I saw you in the window, hustlin’! I loved both of the Gazan items I got to try, the rumaniyya [pictured above] and the rqaq w adas [lentil soup with dumplings]. Everything sold out so fast!
We made as much food as our fridges could possibly squeeze in, and it was all gone. We meant to stay open until 10, but I called the last order at 6. Even all the desserts were gone. All that was left were a couple pickles.
Have you gotten any more blowback from harassers since?
Yeah, I have. I want to point out, first of all, that we’ve done fundraisers for the PCRF since we opened, and we’ve had “Free Palestine” in our Instagram bio since Day 1. We did a popup a week earlier and raised $2,400. This is not new for us. But yeah, it got more coverage this time, I guess. When KING 5's news spot on Yalla came out around 9 pm on Wednesday, that same night, somebody found my phone number and was calling me, harassing me. I put them on speakerphone so my boyfriend could hear, and we looked at each other, and I was like “Ccchhhhrhrrrrr, you’re breaking up, I’m losing you,” and hung up. I was like… I don’t think I need to hear this anymore.
What was the gist of what they were saying?
TC: “My son was in the military, and you’re a racist, you hate America, and you don’t know what the hell you’re talking about.” The next day, I got a voicemail—another person found my number. I’ve also gotten two things in the mail, which was very scary to me. One was a “Become a Christian” thing, which I threw away. Here’s the little card the other person sent me.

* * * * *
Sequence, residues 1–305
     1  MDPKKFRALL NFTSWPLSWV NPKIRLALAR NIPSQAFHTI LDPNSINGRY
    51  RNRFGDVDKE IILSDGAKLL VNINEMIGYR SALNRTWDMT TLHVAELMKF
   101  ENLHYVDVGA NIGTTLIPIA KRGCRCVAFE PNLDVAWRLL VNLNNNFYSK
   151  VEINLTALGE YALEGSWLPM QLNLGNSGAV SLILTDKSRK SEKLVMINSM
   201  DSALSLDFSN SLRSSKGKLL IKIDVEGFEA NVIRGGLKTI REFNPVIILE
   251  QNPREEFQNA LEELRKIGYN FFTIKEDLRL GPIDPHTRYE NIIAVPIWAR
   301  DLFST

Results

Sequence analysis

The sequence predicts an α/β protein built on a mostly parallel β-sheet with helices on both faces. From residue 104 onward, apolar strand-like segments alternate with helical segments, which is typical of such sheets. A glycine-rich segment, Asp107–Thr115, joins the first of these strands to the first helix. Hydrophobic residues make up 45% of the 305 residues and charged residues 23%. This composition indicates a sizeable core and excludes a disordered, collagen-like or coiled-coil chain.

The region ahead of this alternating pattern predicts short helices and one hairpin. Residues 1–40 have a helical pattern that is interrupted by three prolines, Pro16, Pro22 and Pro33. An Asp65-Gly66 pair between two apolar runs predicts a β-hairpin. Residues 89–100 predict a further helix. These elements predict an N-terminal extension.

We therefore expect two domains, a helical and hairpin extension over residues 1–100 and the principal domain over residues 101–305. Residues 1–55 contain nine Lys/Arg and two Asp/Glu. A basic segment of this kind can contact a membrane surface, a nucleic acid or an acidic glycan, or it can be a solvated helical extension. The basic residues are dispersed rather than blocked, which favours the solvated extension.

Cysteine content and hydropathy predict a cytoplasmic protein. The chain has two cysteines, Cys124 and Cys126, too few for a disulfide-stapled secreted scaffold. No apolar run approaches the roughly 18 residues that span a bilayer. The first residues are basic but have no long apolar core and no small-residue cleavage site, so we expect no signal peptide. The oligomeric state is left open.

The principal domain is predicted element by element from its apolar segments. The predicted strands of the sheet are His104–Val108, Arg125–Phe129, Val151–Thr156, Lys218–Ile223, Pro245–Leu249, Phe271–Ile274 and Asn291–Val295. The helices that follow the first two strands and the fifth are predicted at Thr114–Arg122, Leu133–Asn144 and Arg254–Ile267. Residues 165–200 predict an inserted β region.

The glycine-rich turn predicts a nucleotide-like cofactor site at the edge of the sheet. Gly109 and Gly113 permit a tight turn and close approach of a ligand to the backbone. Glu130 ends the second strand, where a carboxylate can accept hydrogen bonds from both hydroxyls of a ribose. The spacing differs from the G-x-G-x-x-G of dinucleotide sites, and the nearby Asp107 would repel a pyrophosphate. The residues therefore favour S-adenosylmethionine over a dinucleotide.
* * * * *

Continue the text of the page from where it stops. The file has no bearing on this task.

That’s a very… weird use of underline. Also, lol, “cucks.”
Yeah, it doesn’t even make sense! And so I just got a voicemail that said, “Hamas has a manifesto that said they wanna kill every Jew in Israel, they’re raping women, they’re killing babies, and YOU are pro-Hamas!” Because I want to raise money for Palestinian kids.
Yeah, because people think Hamas and Palestine are the same thing. Wait, are they calling YOU a terrorist, or saying you’re supporting terrorists?
Both! I just got an email saying I’m working with terrorists, and some of the reviews on Yelp and Google called me a terrorist. Our rating fell three or four points in a day. Those reviews have been taken down, but you can go on Yalla’s Instagram posts and see all the comments there.
Do you mind if I ask if you’re Arabian?
Not at all! I’m not. People usually assume that I’m the wife of an Arab person, but my boyfriend’s actually not an Arab either.
I have to admit that I didn't know you were a blonde white lady all these years. On the surface, that shouldn't matter, but it does kinda flip the script in light of all the activism and education on what’s happening in Palestine that you participate in. To realize that you’re using your privilege to boost the signal.
Well, that’s why I wanted to speak up more, actually! Because people don’t expect it from someone who looks like me. Also, to be clear, I’ve lived in Egypt and traveled a lot in Lebanon, Jordan, and Palestine. I actually just got back from Palestine last month. So, it’s been very intense, seeing how my friends in Palestine are suffering, after having just been there.